Updates

NEWS ALERT: Insurers peeling away from Adani mine and Trans Mountain pipeline

August 6, 2020

In recent months insurance companies have rapidly abandoned the Adani Group’s Carmichael coal mine in Australia and the Trans Mountain tar sands oil pipeline in Canada when they were exposed by NGOs. The Trans Mountain pipeline, whose cover needs to be renewed by the end of August, has turned into a test case for insurers’ commitment to climate action.

In June, documents leaked to the Sydney Morning Herald and seen by the Insure Our Future campaign revealed that Liberty Mutual, HDI Global, XL Australia and Aspen Re were holding policies for “early works project insurance” on the Carmichael coal mine and rail network. The policies were brokered by Marsh. 

Within a week, all four insurers clarified that they would not renew their cover for Adani Australia, bringing the number of companies ruling out involvement in the project to 65. Liberty Mutual’s withdrawal from Carmichael was tainted by the news that the insurance company, through a subsidiary, wholly owns the proposed Baralaba South coal mine in Australia. If completed, the mine will produce up to 6 million tonnes of coal per year.

As reported in a previous update, the Insure Our Future campaign revealed in May that Lloyd’s, Zurich, Munich Re and Chubb were the biggest insurers of the Trans Mountain pipeline. Trans Mountain is slated to transport an increasing amount of tar sands oil from Alberta to British Columbia’s Pacific coast and is opposed by an alliance of more than 120 First Nations and Tribes.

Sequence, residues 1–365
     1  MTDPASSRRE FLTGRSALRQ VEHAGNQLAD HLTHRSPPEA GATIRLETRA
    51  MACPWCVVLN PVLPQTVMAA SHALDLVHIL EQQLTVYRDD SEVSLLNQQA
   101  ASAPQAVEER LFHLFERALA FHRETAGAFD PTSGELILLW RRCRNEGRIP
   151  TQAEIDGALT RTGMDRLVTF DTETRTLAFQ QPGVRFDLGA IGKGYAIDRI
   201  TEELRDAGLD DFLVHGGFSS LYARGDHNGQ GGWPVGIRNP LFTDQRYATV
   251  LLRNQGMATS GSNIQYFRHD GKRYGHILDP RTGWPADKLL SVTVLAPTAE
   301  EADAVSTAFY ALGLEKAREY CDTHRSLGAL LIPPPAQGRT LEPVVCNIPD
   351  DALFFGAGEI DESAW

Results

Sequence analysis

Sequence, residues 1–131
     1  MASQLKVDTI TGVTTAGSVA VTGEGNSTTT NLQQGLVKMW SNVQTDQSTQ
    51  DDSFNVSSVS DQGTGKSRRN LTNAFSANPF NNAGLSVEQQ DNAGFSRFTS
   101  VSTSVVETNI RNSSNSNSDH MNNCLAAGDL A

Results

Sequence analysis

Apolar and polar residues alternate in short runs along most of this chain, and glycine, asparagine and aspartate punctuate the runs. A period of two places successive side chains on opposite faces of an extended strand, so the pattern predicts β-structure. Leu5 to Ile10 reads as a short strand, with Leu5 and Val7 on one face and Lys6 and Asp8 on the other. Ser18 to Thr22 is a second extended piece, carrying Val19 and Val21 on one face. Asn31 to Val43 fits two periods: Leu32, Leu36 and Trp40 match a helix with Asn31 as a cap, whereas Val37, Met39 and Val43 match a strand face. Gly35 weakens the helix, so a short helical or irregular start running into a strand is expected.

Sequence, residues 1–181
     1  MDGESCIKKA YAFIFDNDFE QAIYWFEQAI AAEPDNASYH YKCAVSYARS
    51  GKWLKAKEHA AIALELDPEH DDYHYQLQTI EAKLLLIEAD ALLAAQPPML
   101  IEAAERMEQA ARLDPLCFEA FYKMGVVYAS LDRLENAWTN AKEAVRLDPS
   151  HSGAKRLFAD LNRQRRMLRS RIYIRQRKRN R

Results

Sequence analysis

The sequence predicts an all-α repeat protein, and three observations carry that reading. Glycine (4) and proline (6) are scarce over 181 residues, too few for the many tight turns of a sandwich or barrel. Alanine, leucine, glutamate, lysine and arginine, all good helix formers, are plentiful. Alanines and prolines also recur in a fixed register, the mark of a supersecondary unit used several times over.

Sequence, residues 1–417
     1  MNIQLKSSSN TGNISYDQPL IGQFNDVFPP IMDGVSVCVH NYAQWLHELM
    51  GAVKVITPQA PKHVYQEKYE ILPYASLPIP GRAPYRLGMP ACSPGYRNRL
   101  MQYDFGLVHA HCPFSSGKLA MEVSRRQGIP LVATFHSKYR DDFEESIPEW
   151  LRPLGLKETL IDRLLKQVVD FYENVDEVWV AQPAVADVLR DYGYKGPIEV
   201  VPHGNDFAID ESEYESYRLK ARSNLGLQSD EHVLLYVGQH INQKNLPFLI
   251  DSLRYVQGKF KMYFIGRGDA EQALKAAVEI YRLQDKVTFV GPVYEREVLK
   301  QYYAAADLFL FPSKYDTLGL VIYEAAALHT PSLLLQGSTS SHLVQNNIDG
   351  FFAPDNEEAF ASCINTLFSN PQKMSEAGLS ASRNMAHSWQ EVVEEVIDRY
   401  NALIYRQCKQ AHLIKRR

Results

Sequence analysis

After a public outcry lead underwriter Zurich, which committed to phasing out cover for tar sands projects in 2019, decided that it would not renew the policy in July. German insurer Talanx also said it would stop insurance cover for the pipeline operator after dropping the expansion project in 2019 already. Munich Re signalled publicly that it would not renew support as well. Both insurers adopted tar sands exclusion policies in recent months.  

Lloyd’s, Chubb, Liberty Mutual, Energy Insurance Mutual, AIG, Stewart Specialty Risk Underwriting, W.R. Berkley and Starr are currently insuring the project and have not ruled out renewal of their cover yet. Lloyd’s in particular appears to play a leading role in underwriting fossil fuel projects which are no longer insurable by other carriers. NGOs around the world have increased the pressure on the underwriters of the Carmichael mine and the Trans Mountain pipeline. 

Today, organisations representing more than 24 million members sent an open letter to the insurers of the Trans Mountain tar sands pipeline urging them to drop the project due to concerns over climate change, Indigenous rights, environmental racism and water pollution. 

The letter, signed by more than 140 NGOs, First Nations, Indigenous leaders, physicians associations and grassroots activists, states: “Insuring tar sands pipelines demonstrates that your company is choosing corporate greed over people, and it will pose significant reputational risks to your business. We urge you to rule out insuring Trans Mountain and exit the tar sands sector entirely.”